Friday, November 27, 2009

It's official - blog is changing back

I'm barely blogging enough for one blog now, let alone two, so I have decided to just blog at the old blog site: Epiphany in Baltimore. I'll mix my teaching stories and reflections with my life stories like I used to, and hopefully get in a better habit of writing more often. For the foreseeable future, bmoreteach is done - Epiphany in Baltimore (a better title, anyway) is re-animated.

Tuesday, November 3, 2009

Letters of Recommendation

Grades are due sometime soon (strange new system this year, and it seems like they're due sometime between Nov. 5 and Nov. 9, but I'm not quite sure), and I have a ton of grading left to do. I tried to create lessons this week that would allow me to get some of this grading done during class time, but, as usually happens with this, I'm left jumping around and helping kids, even though I was hoping the assignments would be mostly independent. Today, I had a classroom full of students until nearly 5pm, without much of a chance to work, and, after dinner, sat down to plan my lesson for tomorrow. Instead of grading, I'm now working on Letters of Recommendation, because a bunch of my students have early decision applications out or nearly out.

Despite my busy-ness, I actually really enjoy writing Letters of Rec, especially for students I genuinely enjoy. I feel honored to be asked and, after teaching the current seniors for their junior and senior year, I'm being asked a lot. That's okay. Grading can wait until the weekend.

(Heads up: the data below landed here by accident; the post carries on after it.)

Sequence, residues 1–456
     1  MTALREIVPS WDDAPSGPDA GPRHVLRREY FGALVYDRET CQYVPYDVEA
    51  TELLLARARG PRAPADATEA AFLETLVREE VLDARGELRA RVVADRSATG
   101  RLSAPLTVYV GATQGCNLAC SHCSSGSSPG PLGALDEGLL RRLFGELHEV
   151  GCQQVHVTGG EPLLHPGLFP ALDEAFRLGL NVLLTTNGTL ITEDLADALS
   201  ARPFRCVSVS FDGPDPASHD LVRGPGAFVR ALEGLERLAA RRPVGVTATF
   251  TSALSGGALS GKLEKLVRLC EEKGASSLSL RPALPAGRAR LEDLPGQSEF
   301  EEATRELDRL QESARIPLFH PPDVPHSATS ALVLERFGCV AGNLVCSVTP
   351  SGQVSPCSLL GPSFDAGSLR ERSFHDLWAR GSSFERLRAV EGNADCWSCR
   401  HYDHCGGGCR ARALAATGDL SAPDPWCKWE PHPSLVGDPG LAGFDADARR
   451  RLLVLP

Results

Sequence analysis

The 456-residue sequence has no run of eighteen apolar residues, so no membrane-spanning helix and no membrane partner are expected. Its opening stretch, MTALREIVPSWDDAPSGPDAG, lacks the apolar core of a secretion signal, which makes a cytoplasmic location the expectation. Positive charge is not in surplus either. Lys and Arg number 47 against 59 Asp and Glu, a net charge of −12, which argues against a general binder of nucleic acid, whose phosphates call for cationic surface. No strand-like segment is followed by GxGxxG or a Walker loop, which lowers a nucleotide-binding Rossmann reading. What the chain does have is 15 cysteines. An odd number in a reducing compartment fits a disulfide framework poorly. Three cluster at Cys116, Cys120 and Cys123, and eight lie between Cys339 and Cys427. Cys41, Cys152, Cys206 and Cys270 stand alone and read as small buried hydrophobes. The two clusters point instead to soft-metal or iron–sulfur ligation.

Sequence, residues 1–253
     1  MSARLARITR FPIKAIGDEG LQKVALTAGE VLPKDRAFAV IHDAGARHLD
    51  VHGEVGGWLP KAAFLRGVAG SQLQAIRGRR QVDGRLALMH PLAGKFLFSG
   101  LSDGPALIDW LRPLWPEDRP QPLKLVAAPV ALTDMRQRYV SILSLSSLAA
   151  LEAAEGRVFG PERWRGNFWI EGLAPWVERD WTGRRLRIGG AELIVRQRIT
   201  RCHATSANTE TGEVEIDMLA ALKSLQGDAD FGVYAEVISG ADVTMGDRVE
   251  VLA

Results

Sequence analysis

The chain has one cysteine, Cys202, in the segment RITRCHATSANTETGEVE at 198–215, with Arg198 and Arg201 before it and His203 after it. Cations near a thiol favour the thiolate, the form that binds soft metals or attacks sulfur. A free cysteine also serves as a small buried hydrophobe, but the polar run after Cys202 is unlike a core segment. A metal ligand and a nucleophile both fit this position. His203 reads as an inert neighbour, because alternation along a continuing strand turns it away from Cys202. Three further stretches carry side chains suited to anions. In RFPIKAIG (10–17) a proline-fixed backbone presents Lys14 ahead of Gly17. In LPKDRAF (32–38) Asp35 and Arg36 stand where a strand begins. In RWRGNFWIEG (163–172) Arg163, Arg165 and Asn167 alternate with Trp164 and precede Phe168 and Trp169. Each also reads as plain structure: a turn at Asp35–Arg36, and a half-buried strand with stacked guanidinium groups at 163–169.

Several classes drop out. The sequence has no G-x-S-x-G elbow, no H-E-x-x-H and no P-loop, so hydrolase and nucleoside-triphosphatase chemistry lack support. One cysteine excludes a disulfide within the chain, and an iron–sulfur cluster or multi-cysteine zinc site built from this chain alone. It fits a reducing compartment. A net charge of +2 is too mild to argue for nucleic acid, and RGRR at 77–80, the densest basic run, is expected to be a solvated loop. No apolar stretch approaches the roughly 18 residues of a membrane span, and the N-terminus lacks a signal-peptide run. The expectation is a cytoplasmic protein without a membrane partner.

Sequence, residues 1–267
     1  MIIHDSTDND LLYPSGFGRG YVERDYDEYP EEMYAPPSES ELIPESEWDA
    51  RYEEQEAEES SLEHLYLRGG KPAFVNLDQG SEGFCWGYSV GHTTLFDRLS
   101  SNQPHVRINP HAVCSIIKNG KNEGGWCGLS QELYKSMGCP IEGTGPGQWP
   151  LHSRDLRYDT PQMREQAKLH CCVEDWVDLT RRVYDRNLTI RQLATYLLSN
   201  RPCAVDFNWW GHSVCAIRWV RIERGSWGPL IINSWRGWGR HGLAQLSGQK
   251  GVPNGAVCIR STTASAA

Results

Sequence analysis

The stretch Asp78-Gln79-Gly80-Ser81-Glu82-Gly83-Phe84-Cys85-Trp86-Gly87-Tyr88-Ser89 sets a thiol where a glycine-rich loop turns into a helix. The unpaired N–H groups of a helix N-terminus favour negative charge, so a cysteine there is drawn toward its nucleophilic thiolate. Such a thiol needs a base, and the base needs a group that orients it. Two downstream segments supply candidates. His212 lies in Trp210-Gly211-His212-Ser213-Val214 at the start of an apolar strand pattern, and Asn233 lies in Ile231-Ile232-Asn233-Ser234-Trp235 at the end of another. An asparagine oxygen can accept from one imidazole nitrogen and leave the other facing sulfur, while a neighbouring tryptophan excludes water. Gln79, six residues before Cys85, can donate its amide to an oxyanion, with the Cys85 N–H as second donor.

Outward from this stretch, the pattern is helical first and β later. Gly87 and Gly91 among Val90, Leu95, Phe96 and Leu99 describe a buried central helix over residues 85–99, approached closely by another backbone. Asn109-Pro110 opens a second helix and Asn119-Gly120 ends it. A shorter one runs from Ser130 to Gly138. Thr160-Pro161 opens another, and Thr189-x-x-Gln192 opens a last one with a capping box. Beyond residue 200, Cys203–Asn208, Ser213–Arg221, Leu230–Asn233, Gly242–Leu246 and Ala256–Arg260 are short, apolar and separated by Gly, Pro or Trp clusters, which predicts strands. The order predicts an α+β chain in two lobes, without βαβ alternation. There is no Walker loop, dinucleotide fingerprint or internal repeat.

Back to it now.

Thursday, October 29, 2009

Halloween in the English Department

Every year, for the last four years, the English department has all dressed up as characters from literature (generally a 9th grade book, since us 9th grade teachers usually direct everyone else). We have a fun time with it, running into classrooms with goofily planned skits, and give the first kid to get all the roles correct a prize. Here are my roles, through the years.

2006: Jem in To Kill a Mockingbird

2007: Cyclops in The Odyssey
2008: Romeo in Romeo and Juliet
2009: The narrator in "The Scarlet Ibis"

So, this year, I play a teenage kid who has internal turmoil because he's embarassed because his brother is handicapped. He ends up running away from his brother during a storm, during which lightning hits his little brother, killing him. That's just a few hours after the whole family had found a displaced scarlet ibis in their front yard, who promptly dies in front of them. Doodle (the little brother) had felt a strange connection to the bird, and buried him. Within a few hours, he himself is dead. The symbolism blares like neon lights, but the story is still deeply affecting - one of the saddest you'll ever read. We'll camp it up though.

Tuesday, October 27, 2009

Dying Inside Ed

A year or so ago, Inside Ed crackled with energy, focusing primarily on city schools and issues therein.

I rarely check it now, but stopped in last week when they were talking about technology, an issue I'm pretty passionate about. It's infuriating to me that the school system blocks so much material, and that teachers cannot override it. Our students deserve the free and open technology that the WWW offers and that most school districts can access. It's not right that I have to create a blog that students can only see from their home computers with clips from Shakespeare movies.